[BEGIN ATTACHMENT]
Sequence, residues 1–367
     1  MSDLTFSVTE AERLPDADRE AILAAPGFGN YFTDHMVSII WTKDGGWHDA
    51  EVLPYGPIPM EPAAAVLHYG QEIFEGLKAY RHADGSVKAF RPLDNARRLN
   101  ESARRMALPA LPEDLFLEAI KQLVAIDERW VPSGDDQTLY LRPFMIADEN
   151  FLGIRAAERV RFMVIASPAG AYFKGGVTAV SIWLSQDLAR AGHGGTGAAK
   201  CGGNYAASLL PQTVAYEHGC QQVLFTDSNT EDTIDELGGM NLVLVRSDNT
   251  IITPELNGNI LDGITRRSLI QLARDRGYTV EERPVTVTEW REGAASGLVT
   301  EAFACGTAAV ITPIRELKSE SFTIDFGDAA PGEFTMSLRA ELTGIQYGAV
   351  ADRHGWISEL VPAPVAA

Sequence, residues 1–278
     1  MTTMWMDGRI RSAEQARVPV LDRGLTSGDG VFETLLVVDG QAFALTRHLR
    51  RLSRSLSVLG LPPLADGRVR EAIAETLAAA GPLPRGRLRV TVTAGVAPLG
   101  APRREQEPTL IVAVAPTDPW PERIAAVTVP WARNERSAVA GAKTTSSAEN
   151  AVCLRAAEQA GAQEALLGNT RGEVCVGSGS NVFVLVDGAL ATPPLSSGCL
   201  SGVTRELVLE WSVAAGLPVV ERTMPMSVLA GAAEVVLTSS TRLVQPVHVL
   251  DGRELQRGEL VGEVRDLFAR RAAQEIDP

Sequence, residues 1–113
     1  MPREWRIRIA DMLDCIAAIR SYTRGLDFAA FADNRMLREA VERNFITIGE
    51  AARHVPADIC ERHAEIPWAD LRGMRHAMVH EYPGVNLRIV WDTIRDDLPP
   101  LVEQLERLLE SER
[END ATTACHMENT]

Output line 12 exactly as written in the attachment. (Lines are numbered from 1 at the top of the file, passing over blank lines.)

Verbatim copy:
    51  RLSRSLSVLG LPPLADGRVR EAIAETLAAA GPLPRGRLRV TVTAGVAPLG